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Appeals court upholds Seattle’s payroll tax on high-earning workers following Chamber challenge – GeekWire

Protestors have long targeted Amazon and other tech giants in Seattle. (GeekWire File Photo / Monica Nickelsburg)

Seattle’s “JumpStart” payroll tax on big business will stay put after a Washington state appellate court on Tuesday upheld an earlier decision that ruled the tax legal.

The Seattle City Council passed JumpStart Seattle in 2020 in an effort to provide more funds for housing projects and other city services. The measure taxes salaries exceeding $150,000 per year at companies with annual payroll expenses of $7 million or higher, and brought in $248.1 million in revenue in 2021, $48.1 million more than projected.

Shortly after its passage, the Seattle Metropolitan Chamber of Commerce sued to stop the tax in King County Superior Court. The lawsuit alleged that the city unlawfully imposed a tax on “the right to earn a living,” citing the precedent of Cary v. City of Bellingham in which the Washington state Supreme Court ruled a city could not tax the ability to earn a living.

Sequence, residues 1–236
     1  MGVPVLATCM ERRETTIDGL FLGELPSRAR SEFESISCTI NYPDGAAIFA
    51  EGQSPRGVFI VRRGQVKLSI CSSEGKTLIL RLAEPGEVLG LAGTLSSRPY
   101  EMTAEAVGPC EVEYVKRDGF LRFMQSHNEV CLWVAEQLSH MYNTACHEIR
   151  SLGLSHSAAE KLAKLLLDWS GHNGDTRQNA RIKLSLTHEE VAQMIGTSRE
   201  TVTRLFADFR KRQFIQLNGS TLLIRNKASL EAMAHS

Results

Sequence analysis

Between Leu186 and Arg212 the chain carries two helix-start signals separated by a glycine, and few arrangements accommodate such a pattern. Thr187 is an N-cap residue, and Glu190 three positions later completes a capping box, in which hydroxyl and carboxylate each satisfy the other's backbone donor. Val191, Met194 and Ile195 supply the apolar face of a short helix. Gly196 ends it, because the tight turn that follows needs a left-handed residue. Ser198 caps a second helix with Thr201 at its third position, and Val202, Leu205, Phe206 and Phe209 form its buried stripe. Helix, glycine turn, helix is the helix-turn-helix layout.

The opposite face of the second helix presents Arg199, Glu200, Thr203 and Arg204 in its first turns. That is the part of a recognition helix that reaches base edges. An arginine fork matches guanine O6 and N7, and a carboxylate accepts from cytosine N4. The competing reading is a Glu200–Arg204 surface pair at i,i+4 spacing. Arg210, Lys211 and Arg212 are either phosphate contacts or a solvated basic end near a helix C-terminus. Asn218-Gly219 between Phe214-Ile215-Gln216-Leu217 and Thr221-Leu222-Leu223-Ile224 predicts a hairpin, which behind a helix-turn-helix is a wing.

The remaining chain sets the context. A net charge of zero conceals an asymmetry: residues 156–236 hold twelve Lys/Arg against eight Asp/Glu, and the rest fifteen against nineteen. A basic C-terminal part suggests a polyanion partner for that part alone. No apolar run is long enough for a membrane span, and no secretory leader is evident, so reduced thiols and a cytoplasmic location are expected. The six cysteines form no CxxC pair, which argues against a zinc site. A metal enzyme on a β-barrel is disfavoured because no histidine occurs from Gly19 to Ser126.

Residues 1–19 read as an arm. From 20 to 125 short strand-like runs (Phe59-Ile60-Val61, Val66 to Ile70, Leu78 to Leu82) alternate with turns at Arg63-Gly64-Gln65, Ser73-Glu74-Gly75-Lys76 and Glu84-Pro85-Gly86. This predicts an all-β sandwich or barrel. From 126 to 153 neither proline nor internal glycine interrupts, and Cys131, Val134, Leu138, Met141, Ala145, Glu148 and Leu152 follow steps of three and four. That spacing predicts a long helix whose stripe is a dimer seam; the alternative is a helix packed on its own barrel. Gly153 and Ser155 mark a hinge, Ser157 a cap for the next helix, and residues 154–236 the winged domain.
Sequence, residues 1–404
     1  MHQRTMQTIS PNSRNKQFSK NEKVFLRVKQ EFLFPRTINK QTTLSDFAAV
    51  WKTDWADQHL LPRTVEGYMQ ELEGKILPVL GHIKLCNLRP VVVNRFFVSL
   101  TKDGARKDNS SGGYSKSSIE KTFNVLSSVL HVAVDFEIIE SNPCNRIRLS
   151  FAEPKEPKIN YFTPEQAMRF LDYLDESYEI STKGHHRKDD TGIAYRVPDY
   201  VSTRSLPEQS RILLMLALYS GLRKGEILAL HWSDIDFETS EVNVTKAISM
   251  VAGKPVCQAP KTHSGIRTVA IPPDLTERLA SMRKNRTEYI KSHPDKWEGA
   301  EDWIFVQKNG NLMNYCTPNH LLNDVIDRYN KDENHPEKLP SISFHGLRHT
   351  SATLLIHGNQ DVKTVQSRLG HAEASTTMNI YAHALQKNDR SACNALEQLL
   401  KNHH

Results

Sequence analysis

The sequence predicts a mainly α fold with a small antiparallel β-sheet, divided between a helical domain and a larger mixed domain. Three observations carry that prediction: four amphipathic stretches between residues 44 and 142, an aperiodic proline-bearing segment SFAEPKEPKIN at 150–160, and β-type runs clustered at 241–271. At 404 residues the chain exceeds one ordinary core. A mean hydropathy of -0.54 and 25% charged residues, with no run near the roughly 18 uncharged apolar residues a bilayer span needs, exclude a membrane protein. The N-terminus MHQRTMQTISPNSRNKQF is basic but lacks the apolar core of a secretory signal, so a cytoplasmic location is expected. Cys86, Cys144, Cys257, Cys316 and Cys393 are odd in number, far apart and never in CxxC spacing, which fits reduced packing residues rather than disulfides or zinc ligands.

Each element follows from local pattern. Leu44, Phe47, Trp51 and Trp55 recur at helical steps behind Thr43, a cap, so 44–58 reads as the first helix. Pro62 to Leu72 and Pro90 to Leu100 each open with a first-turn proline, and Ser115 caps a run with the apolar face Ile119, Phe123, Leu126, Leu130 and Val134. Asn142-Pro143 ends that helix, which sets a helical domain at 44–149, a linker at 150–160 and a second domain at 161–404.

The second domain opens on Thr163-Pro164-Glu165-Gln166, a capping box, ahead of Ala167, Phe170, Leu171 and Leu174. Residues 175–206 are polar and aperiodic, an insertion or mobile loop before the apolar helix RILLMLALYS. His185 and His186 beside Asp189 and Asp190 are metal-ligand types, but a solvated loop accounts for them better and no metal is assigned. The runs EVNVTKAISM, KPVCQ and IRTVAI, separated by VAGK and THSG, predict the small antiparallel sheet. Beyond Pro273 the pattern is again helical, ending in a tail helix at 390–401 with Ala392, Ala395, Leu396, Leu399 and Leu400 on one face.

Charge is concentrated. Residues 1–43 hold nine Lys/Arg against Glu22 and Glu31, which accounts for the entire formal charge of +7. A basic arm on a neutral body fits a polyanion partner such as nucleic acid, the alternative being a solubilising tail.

Earlier this month, the King County court dismissed the lawsuit, and the Court of Appeals of the state of Washington has now upheld that ruling.

“The City’s payroll expense tax is readily distinguishable from the tax imposed in Cary. In Cary, the income based tax was levied on the employee, while the payroll tax here is levied on the business itself,” the appeals court ruled. “We conclude that the City’s payroll expense tax is an excise tax on businesses imposed under powers vested in the City by the state legislature and the state constitution.”

The Seattle Chamber is reviewing the decision and “will determine our next step in consultation with our members and our attorneys,” according to a statement from CEO Rachel Smith. She noted that a majority of Seattle voters think city taxes are too high, according to a recent voter survey commissioned by the chamber.

The same survey also found that a similar percentage of respondents, about 60%, thought the city needed more money to address homelessness.

The majority of the $200 million Seattle planned to collect will fund affordable housing projects in the city. About 20% of the tax is slated for environmental and economic development projects, including workforce training and childcare. 

The tax rate varies, with the largest companies paying the most. For 2022, JumpStart is expected to bring in more than $277 million, according to the forecast numbers reported this March, $43.6 million more than anticipated.

The full text of the ruling is below.

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